Tula ‘Splains Draconians

TRANSCRIPT TULA: Hello, Children.  Today we’re going to continue to talk about the Kivalian religions and their history. In the ancient times our ancestors created many magickal creatures with the aid of the powerful magicks of the Enemy.  Among them were the most enormous and magickally powerful mortal beasts that our world has ever known. Yes, they were the dragons.   As tradition has it here in Erogenia.,in the final conflict with the Enemy and Luna and Teria, the dragons were deemed to be too dangerous to be permitted to remain free in the world.  Not only were they dangerous in their own right and could have potentially destroyed the remaining humans, but they represented a temptation of power to those of our people who remained to try to control and use them for conquest.  Therefore, since they were not, themselves, the cause of the evil that had been done nor were they inherently evil themselves, (nor were they truly good) the dragons were sent into the East to sleep until such time as we had matured enough in our power and wisdom to accept them into the world without either destroying them or allowing them to destroy us or the world. Several hundred years ago, during a brief time of peace between our peoples, the story of the Dragons was communicated to some Thrasan priests, and it seemingly affected them profoundly.  The Three Prophets, as they were known, Argan, Zultan and Kirgan, all three had the same dream of the awakening and return of the Dragons. Their texts are very long and poetic, but the short story is that they believed that God had shown them that the return of the Dragons would herald the end of their world’s age and the return both of the Enemy and of Thrasu to the world in a final conflict.  As is often the case with such things, God would at that time cleanse the world of evil, separate the believers from the infidels and reward the faithful with a thousand years of mortal life before eternity in paradise. Draconianism began to spread throughout the young Kivalian empire. This challenge to the order and authority of the Church was naturally not tolerated, and many deadly and hideous punishments were visited on the Draconian worshippers.  This only consolidated resistance, promoted fanaticism and the schism led to war. In western Kivalia Draconians were not able to prevail, but pilgrims migrated east and south to the sea to create a sanctuary for themselves in Greymouth.  They prospered and grew into a nation that rivaled that of the western Kivalians, and so naturally there is the occasional holy war to bring them back into the Empire and the Church, and coincidentally take their resources and territories for the Kivalian throne in Normos. The fact that this is expressly forbidden in the teachings of Thrasu seems only of passing concern to the Heirophant or to most Kivalians, for that matter, whatever their sect.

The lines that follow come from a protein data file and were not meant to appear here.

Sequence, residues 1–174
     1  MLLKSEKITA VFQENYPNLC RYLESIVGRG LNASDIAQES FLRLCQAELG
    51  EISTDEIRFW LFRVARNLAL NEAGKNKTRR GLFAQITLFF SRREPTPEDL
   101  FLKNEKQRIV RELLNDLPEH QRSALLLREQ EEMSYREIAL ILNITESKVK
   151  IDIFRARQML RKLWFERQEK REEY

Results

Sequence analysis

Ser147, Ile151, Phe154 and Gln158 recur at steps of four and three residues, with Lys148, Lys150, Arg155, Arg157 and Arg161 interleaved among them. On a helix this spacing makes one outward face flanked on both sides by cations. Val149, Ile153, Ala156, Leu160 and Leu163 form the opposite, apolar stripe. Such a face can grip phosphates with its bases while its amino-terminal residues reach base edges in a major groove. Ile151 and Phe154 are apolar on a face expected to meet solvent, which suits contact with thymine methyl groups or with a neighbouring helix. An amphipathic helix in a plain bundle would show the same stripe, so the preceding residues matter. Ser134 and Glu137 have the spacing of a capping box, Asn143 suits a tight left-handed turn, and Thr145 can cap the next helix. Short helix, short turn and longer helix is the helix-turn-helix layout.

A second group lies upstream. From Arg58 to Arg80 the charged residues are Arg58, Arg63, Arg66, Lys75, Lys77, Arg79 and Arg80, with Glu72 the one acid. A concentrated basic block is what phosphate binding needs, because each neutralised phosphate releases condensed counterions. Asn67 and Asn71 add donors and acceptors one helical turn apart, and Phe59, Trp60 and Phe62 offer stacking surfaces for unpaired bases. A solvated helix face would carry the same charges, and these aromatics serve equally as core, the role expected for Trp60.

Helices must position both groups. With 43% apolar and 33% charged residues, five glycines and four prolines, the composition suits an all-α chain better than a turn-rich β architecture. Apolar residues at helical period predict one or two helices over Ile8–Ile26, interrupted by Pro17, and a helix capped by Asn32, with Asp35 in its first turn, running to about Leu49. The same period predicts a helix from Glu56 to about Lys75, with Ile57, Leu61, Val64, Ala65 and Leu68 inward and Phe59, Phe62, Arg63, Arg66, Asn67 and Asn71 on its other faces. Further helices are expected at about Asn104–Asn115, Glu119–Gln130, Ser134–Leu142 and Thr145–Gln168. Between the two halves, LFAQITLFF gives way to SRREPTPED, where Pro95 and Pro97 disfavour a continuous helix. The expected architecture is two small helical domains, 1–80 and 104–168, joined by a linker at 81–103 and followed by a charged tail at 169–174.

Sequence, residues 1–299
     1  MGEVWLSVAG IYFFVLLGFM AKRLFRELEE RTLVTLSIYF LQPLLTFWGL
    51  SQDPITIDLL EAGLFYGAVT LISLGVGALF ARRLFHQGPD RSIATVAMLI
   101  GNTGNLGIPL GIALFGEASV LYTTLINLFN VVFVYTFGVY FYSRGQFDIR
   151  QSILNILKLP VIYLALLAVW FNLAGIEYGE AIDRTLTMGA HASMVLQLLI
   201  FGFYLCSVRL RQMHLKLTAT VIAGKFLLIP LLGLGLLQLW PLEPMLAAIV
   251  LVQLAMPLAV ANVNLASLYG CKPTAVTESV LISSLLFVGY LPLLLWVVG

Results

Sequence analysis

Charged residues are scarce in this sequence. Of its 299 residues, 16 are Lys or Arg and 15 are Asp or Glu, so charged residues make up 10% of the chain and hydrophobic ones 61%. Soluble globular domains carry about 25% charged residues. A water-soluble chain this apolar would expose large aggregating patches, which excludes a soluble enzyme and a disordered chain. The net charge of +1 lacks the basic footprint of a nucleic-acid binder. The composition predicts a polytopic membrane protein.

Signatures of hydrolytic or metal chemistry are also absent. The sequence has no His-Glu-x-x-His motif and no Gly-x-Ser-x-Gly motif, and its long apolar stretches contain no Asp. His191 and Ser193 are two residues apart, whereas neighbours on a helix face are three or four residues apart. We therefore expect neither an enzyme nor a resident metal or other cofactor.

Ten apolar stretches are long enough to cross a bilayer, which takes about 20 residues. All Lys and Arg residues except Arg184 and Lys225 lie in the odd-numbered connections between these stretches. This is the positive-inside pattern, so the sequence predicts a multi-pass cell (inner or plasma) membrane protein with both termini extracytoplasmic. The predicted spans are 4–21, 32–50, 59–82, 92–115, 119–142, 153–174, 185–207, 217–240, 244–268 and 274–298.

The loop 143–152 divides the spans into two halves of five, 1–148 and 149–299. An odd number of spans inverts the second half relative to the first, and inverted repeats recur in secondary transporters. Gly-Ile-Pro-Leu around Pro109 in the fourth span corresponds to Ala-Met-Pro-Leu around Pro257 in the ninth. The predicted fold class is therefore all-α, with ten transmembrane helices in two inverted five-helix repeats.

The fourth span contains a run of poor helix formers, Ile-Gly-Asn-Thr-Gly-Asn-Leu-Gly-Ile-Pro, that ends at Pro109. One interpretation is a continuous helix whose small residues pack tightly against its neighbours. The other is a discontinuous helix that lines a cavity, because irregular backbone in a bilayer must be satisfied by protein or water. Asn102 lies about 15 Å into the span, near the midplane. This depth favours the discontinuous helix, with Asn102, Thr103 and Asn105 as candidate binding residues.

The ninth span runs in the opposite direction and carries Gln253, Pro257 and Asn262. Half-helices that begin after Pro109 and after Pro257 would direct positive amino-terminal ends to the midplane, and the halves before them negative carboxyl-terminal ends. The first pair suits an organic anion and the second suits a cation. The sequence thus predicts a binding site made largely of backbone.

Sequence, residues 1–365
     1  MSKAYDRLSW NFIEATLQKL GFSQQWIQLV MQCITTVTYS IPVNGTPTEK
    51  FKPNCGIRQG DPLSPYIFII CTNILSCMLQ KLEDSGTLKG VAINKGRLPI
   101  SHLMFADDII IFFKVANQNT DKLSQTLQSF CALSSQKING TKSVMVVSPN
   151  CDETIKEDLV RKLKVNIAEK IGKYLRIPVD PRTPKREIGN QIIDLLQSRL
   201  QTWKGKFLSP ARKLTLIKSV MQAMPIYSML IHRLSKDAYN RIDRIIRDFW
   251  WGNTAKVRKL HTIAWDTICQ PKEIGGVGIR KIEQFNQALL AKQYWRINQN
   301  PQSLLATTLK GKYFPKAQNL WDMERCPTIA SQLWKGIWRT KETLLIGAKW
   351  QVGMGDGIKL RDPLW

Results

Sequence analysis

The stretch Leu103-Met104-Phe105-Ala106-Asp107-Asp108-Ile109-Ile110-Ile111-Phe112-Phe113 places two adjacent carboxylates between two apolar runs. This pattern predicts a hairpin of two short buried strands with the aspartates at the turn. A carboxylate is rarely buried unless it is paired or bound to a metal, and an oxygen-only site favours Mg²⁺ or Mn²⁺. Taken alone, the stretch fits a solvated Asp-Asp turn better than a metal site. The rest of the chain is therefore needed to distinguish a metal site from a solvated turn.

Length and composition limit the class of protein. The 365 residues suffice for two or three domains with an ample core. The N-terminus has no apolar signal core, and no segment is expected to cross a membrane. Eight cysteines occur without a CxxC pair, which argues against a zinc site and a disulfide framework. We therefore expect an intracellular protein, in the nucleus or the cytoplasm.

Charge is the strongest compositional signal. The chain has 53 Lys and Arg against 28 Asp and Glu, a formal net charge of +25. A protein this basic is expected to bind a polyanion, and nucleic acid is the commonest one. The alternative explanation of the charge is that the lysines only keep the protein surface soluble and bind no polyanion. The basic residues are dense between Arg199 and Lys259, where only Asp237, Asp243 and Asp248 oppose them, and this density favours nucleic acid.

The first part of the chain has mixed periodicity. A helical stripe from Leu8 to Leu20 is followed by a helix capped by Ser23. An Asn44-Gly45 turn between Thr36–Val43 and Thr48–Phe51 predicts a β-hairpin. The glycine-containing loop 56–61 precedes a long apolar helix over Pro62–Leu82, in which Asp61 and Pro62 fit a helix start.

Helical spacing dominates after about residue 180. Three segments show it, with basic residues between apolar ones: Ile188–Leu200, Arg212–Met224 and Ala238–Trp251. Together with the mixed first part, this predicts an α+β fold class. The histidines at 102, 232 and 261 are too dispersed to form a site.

14 thoughts on “Tula ‘Splains Draconians

  1. And this should answer just a few questions.

    Warm regards,


  2. Curiosity sated!
    Thanks JED!

  3. This reinforces my prior suspicion that invoking the Draconian prophecies to broker a peace will make Gudik’s priest noisy again.

  4. Thanks. I was curious about the Draconians. 🙂

  5. I wasn’t a million miles away then.

  6. Yes, that definitely clears a few things up. On the other hand, this means that Yanora is basically asking Gudik to go to the enemy, say “You were right, we were wrong, my bad”, and then roll back to his throne. I know he’s not actually saying that (because even if the dragons have returned, it’s not necessarily the end-of-days), but that’s what it’ll sound like.

    Tough to do that in politics.

    1. One interesting option is that he could play the “road to Damascus” card, saying that he had a vision and converted… not sure how the more pious in his own army would take that, of course.

  7. Yay, backstory told by a pretty girl!

    I like how she says “As tradition has it here in Erogenia”. It’s simple yet conveys that others may have different views, quite as respectable.

    The only thing I don’t understand is the background of the second panel. For one thing, it rocks, it’s superb, it fits the Draconian theme perfectly. But by then Tula has switched to crusading history. (And all-too valid critique.) I’m not complaining, mind, because once again it’s splendid. Just a bit puzzled.

  8. Murder is forbidden, but that doesn’t matter when material gains for those at the top are involved. Ain’t that always the way?

  9. Sounds about right. Quite a few practitioners in this world don’t let the actual tenets of their religion get in the way of engaging in a good smiting. Sometimes they do so if wealth and/or resources are to be gained thereby, but it seems to me at other times such things are done for the sheer hell of it. (In reality, some nabob’s move to power is usually behind those).


  11. That is a very nice dress but the frilly top is unnecessary. I mean the top, not just the frills.

  12. Yeah… I’m not seeing Thrasu beat The Enemy, or any other entity.

    1. While it’s clear Thrasu takes a fairly hands off approach to his worshipers, we don’t have any evidence one way or another of how much power Thrasu has.

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